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Home :: Archive :: 2007 :: December ::
Presentism
The Shakespeare Conference: SHK 18.0820  Saturday, 8 December 2007

[1] 	From:	Martin Mueller <
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	Date:	Wednesday, 5 Dec 2007 09:26:58 -0600
	Subj:	Absentism

[2] 	From:	Carol Barton <
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	Date:	Wednesday, 05 Dec 2007 10:38:18 -0500
	Subj:	Re: SHK 18.0813 Presentism

[3] 	From:	Clay H. Shevlin <
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	Date:	Wednesday, 5 Dec 2007 07:57:52 -0800
	Subj:	RE: SHK 18.0813 Presentism

[4] 	From:	Anthony Burton <
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	Date:	Wednesday, 5 Dec 2007 11:19:23 -0500
	Subj:	Re: SHK 18.0813 Presentism

[5] 	From:	Larry Weiss <
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	Date:	Wednesday, 05 Dec 2007 11:53:00 -0500
	Subj:	Re: SHK 18.0813 Presentism

[6] 	From:	William Godshalk <
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	Date:	Wednesday, 05 Dec 2007 15:30:56 -0500
	Subj:	Re: SHK 18.0813 Presentism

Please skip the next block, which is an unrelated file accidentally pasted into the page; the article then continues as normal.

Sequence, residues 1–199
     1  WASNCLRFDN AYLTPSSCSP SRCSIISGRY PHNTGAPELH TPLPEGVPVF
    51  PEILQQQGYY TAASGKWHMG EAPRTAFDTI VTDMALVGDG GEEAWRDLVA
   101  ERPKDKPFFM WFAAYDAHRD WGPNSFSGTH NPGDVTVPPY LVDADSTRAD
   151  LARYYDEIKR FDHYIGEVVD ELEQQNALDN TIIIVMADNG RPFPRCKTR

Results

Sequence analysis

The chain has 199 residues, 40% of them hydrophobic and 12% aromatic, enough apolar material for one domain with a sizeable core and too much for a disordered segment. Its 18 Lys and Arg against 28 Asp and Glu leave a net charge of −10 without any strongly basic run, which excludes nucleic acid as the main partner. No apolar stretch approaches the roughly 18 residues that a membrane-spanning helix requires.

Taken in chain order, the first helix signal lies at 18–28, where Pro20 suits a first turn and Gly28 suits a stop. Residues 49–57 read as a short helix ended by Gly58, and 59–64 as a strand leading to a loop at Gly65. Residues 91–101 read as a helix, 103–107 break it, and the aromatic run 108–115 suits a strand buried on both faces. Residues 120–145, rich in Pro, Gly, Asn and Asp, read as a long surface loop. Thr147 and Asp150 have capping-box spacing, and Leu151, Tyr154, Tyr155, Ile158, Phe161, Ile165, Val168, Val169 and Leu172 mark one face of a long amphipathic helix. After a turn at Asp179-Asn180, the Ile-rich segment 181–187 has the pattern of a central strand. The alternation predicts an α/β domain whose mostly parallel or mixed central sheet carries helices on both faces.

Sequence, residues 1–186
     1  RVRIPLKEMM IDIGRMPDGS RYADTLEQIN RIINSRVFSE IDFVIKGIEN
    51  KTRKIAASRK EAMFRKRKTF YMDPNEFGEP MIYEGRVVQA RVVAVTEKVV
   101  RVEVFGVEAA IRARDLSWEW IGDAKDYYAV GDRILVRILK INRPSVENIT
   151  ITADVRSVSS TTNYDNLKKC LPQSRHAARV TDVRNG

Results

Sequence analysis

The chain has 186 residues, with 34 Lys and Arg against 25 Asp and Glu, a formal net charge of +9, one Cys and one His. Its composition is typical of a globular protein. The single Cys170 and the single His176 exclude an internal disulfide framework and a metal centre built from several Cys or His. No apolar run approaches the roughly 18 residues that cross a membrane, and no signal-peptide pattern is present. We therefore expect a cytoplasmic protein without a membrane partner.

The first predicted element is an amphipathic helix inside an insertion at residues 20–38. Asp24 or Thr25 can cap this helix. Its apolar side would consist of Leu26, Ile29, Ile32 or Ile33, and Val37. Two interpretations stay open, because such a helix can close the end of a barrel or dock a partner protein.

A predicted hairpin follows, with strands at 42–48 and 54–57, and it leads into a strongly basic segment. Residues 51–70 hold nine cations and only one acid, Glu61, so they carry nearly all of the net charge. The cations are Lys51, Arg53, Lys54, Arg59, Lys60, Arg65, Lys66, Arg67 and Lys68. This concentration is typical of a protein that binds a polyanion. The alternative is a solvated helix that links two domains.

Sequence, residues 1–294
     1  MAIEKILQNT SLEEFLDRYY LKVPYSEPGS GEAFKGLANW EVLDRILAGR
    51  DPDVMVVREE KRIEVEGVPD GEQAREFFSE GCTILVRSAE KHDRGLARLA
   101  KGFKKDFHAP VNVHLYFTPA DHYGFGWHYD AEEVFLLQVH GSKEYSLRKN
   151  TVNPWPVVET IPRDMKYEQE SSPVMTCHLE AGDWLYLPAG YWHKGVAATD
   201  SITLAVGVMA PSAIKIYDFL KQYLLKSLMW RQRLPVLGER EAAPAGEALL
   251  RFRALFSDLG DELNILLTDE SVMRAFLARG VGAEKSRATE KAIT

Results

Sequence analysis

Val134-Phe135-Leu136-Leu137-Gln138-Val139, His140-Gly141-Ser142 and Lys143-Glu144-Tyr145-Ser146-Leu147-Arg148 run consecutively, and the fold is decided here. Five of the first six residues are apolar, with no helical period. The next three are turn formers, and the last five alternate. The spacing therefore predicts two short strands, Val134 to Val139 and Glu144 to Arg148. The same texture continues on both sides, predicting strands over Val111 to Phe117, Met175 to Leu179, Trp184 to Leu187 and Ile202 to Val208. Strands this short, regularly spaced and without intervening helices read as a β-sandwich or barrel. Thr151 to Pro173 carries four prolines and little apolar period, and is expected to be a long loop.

[7] 	From:	Joseph Egert <
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	Date:	Wednesday, 5 Dec 2007 13:06:11 -0800 (PST)
	Subj:	Re: SHK 18.0813 Presentism

[8] 	From:	William Godshalk <
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	Date:	Wednesday, 05 Dec 2007 21:57:32 -0500
	Subj:	Re: SHK 18.0813 Presentism

[9] 	From:	R. A. Cantrell <
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	Date:	Thursday, 6 Dec 2007 06:01:34 -0600
	Subj:	Re: SHK 18.0813 Presentism


[1]-----------------------------------------------------------------
From:		Martin Mueller <
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Date:		Wednesday, 5 Dec 2007 09:26:58 -0600
Subject:	Absentism

I vividly recall a memo sent many years by the president of a university 
I was then teaching at, informing the faculty that his chief of staff 
had resigned effective this morning. The most striking thing about this 
terse letter was the absence of any of the things one usually finds in